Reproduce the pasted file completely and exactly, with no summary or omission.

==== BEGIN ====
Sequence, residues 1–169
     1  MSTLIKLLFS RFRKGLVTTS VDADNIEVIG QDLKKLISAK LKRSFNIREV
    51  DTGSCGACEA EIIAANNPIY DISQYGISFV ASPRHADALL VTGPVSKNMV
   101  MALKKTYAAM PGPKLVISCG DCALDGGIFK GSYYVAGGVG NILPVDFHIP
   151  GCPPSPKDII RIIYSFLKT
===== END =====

Sequence, residues 1–169
     1  MSTLIKLLFS RFRKGLVTTS VDADNIEVIG QDLKKLISAK LKRSFNIREV
    51  DTGSCGACEA EIIAANNPIY DISQYGISFV ASPRHADALL VTGPVSKNMV
   101  MALKKTYAAM PGPKLVISCG DCALDGGIFK GSYYVAGGVG NILPVDFHIP
   151  GCPPSPKDII RIIYSFLKT